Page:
One possibility by which an adverse childhood environment might increase risk for disease is epigenetic embedding. Epigenetics determine how a person’s genes are expressed, that is turned on or off, without changing the actual DNA sequence. Changes in epigenetic regulation of gene expression occur in response to one’s life experiences and environment. The epigenome, a network of chemical compounds that have a role in determining which genes are active in a particular cell, is especially sensitive to experiences in early life, including childhood and adolescence. Such epigenetic changes can become embedded into a person’s DNA and persist into adulthood.
Janusek, professor and the Marcella Niehoff School of Nursing Endowed Chair for Research, and Mathews, a professor of Microbiology and Immunology, recently reported findings in the journal Brain, Behavior, and Immunity that show African American men ages 18-25 exposed to traumatic experiences during childhood produce an exaggerated inflammatory response to stress, termed a “stress-vulnerable phenotype.” A phenotype is visible physical characteristics, such as eye or hair color. In this case, the phenotype is increased inflammation throughout the body.
Janusek and Mathews’ research also showed that the young men, recruited from Rogers Park and Maywood, who exhibited a stress-vulnerable phenotype also had epigenetic changes that resulted in increased expression of inflammatory genes. This suggests that an epigenetic mechanism links childhood adversity to abnormal stress-related inflammation during adulthood. Inflammation is a key component in eight of the top 10 leading causes of death in the United States, including heart disease, cancer, diabetes, and stroke—many of which disproportionately afflict disadvantaged African Americans.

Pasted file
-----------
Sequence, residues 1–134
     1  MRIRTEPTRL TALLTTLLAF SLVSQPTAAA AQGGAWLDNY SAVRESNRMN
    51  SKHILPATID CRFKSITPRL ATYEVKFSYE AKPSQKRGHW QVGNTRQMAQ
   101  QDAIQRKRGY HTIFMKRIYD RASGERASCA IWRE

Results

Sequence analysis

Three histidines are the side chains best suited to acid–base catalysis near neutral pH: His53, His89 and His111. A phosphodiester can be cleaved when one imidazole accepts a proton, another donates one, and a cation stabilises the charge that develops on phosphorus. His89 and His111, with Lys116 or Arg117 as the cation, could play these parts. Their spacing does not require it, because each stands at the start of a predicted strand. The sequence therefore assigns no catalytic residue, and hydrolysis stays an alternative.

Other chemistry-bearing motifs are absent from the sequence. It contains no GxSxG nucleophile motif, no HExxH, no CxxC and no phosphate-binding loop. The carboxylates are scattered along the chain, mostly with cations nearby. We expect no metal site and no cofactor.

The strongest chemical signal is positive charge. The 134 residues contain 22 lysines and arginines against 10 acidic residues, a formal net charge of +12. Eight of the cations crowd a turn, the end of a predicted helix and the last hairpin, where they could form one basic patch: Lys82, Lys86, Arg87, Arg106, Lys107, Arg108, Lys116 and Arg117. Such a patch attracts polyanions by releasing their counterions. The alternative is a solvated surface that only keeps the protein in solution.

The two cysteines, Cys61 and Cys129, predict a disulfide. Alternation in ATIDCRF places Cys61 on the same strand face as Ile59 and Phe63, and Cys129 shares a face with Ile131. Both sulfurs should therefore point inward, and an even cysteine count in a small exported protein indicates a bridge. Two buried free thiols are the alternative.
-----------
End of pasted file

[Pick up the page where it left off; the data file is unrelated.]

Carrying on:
The researchers also identified a specific stress-resilient phenotype within the group of African American men in their study. “This stress-resilient phenotype was found in men who experienced high levels of early life stress and adversity, but who did not produce a heightened inflammatory response to stress challenge,” says Janusek. “A stress-resilient phenotype is consistent with the idea that some individuals who experience a difficult childhood are able to adapt, thrive, and effectively respond to future environmental challenge.”
Their current research project, funded by the health disparities initiative of the University’s strategic plan, is focused on identifying epigenomic pathways impacted by early life stress and adversity. These pathways are hypothesized to result in the two contrasting adult phenotypes: stress-vulnerable and stress-resilient. The stress-vulnerable phenotype produces a greater pro-inflammatory response to stress, while the stress-resilient phenotype promotes a more adaptive stress response despite a difficult childhood.
For that study, Janusek and Mathews are focusing on a group of 74 genes previously shown to be responsive to stress and adversity. In addition, those genes are implicated in the development of heart disease and metabolic disorders, where excess stress exposure and elevations in inflammation play a role. Discovering epigenomic pathways associated with childhood adversity and risk for poor health throughout a person’s life will lead to the identification of biomarkers that can help determine which individuals are at risk for a stress-vulnerable phenotype. This could set in motion preventive measures targeted to people who are vulnerable to adverse early life experiences, but who do not yet have symptoms of inflammatory disease.